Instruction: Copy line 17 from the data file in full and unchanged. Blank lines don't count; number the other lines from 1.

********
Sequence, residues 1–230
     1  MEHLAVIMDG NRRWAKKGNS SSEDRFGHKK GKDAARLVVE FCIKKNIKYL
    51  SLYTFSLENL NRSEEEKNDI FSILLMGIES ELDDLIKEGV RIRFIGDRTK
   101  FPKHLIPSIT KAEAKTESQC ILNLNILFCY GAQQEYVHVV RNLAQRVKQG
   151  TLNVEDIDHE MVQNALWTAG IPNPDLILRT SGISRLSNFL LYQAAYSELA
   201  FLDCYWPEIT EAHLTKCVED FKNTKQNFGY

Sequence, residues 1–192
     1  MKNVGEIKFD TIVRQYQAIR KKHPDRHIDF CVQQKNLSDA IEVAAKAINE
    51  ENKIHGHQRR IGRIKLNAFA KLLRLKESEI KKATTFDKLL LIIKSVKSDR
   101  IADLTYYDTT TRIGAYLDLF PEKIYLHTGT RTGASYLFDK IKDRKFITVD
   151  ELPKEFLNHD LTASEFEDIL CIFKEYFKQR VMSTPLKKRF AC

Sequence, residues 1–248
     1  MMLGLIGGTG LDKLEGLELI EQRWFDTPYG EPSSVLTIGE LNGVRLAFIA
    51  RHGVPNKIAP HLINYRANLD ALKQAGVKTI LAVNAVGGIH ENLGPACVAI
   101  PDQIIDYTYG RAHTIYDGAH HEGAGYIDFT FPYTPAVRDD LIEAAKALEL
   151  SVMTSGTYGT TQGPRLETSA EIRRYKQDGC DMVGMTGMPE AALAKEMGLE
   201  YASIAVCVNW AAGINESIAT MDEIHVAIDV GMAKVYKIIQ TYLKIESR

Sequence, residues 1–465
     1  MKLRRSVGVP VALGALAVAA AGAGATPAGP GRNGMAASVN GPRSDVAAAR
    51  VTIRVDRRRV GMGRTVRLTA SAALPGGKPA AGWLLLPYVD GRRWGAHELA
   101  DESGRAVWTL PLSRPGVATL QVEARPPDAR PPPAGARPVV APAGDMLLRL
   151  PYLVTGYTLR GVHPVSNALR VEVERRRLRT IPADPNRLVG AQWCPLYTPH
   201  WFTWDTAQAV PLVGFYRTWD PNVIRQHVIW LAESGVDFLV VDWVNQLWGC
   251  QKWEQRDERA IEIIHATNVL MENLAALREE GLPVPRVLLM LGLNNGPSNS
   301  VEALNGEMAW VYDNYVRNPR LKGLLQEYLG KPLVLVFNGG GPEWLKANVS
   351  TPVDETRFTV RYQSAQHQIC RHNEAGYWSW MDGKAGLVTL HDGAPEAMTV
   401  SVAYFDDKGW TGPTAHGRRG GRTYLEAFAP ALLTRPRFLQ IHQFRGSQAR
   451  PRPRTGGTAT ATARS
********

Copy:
   201  YASIAVCVNW AAGINESIAT MDEIHVAIDV GMAKVYKIIQ TYLKIESR